There are also two possibilities for yes-no questions.
|かがくが すきですか。||Kagaku ga suki desu ka?||Is science liked?||Do you like science?|
|かがくは すきですか。||Kagaku wa suki desu ka?||As for science, is it liked?||Do you like science?|
The first example is the generic question, where the implied topic is "you".
In the second case, science might be the topic of discussion, or it could be a contrastive element again. You might use this version if you're primarily talking about science (if you're taking it, if it's hard, etc.) or to compare it to another subject (i.e., history).
Note: any particular instance of "wa" could be a topic or a contrasted element. Without the context, it's sometimes hard to say exactly which it is, but the meanings are usually very similar.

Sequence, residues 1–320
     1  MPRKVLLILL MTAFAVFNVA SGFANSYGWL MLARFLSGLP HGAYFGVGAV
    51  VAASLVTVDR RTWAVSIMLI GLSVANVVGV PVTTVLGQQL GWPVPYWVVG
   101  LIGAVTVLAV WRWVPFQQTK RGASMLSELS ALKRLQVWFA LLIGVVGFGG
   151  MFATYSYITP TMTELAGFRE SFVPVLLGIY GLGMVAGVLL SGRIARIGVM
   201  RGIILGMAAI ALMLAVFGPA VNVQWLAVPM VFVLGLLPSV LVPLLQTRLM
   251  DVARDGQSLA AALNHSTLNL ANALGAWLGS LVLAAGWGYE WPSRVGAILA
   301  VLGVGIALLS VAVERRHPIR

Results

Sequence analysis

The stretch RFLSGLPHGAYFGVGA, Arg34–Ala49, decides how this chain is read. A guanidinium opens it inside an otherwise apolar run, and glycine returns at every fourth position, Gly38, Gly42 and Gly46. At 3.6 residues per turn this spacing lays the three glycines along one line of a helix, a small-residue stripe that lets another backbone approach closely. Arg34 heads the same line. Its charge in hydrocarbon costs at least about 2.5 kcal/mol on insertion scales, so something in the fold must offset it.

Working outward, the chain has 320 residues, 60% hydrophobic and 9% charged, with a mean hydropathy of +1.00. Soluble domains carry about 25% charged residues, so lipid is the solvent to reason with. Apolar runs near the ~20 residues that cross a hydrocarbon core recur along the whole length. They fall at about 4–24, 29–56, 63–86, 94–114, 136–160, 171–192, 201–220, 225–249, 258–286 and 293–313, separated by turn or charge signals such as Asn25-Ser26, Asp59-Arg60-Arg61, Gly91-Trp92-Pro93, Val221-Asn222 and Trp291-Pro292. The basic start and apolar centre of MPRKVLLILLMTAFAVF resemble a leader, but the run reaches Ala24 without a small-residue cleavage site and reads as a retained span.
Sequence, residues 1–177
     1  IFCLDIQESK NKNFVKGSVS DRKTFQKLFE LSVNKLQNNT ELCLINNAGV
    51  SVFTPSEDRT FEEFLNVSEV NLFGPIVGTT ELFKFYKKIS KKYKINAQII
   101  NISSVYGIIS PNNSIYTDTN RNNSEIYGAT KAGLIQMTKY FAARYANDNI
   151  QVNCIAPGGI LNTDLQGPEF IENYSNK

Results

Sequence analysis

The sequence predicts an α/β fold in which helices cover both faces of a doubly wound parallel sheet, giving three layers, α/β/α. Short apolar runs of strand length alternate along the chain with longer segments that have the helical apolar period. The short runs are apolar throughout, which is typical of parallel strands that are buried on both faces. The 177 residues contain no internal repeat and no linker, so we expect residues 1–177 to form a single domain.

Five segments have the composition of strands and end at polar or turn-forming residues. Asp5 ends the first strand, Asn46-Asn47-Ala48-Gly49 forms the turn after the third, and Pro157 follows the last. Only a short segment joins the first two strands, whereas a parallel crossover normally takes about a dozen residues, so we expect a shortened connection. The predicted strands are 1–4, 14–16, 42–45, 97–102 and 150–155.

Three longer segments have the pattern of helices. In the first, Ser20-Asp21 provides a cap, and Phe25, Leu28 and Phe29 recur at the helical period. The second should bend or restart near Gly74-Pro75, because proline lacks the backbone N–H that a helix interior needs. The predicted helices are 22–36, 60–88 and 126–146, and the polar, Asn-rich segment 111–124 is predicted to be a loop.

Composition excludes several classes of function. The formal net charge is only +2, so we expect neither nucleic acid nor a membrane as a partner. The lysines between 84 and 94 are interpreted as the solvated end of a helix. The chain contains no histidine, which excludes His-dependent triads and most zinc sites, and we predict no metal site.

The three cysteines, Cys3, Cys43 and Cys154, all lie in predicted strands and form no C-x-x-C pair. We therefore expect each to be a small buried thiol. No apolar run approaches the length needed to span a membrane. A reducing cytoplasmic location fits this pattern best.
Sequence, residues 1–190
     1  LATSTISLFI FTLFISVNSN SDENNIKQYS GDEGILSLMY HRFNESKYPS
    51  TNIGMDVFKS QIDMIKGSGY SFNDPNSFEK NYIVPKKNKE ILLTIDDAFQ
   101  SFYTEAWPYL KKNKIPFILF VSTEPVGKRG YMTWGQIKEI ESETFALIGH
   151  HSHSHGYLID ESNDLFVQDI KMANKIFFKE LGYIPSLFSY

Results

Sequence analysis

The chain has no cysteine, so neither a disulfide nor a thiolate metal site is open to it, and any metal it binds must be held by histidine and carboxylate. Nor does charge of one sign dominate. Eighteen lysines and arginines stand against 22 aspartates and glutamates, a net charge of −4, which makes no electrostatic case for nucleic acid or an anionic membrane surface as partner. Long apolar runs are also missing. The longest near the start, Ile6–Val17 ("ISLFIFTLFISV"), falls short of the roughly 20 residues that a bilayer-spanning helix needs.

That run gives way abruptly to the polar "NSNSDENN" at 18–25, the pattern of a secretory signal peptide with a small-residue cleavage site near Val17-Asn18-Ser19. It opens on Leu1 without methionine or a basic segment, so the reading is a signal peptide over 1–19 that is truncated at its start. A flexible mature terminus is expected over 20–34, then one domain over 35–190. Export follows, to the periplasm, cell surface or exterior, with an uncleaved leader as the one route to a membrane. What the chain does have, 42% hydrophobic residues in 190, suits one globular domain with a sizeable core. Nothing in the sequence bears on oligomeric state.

Suki and Kirai as Modifiers
Since suki and kirai are na-adjectives, we can also use them to modify nouns by adding na in between.
|すきなシャツ||suki na shatsu||liked shirt||a shirt (I) like|
|きらいなしごと||kirai na shigoto||disliked work||work that (I) dislike|
In this case, the person who likes/dislikes the item is always implied. You can also specify the person using no.
|わたしの すきなばんぐみ||watashi no suki na bangumi||my liked (TV) program||a TV show I like|
|ビルさんの すきなおんがく||Biru san no suki na ongaku||Bill's liked music||music that Bill likes|
Japanese speakers also use suki in place of "favorite" in English.
|すきないろは なんですか。||Suki na iro wa nan desu ka?||What's your favorite color?|
|やまぐちさんの すきなたべものは ラーメンです。||Yamaguchi-san no suki na tabemono wa raamen desu.||Yamaguchi's favorite food is ramen.|
I you need to specify "favorite", you can add the adverb ichiban (1st/#1) in front of suki.
For vocab related to this lesson: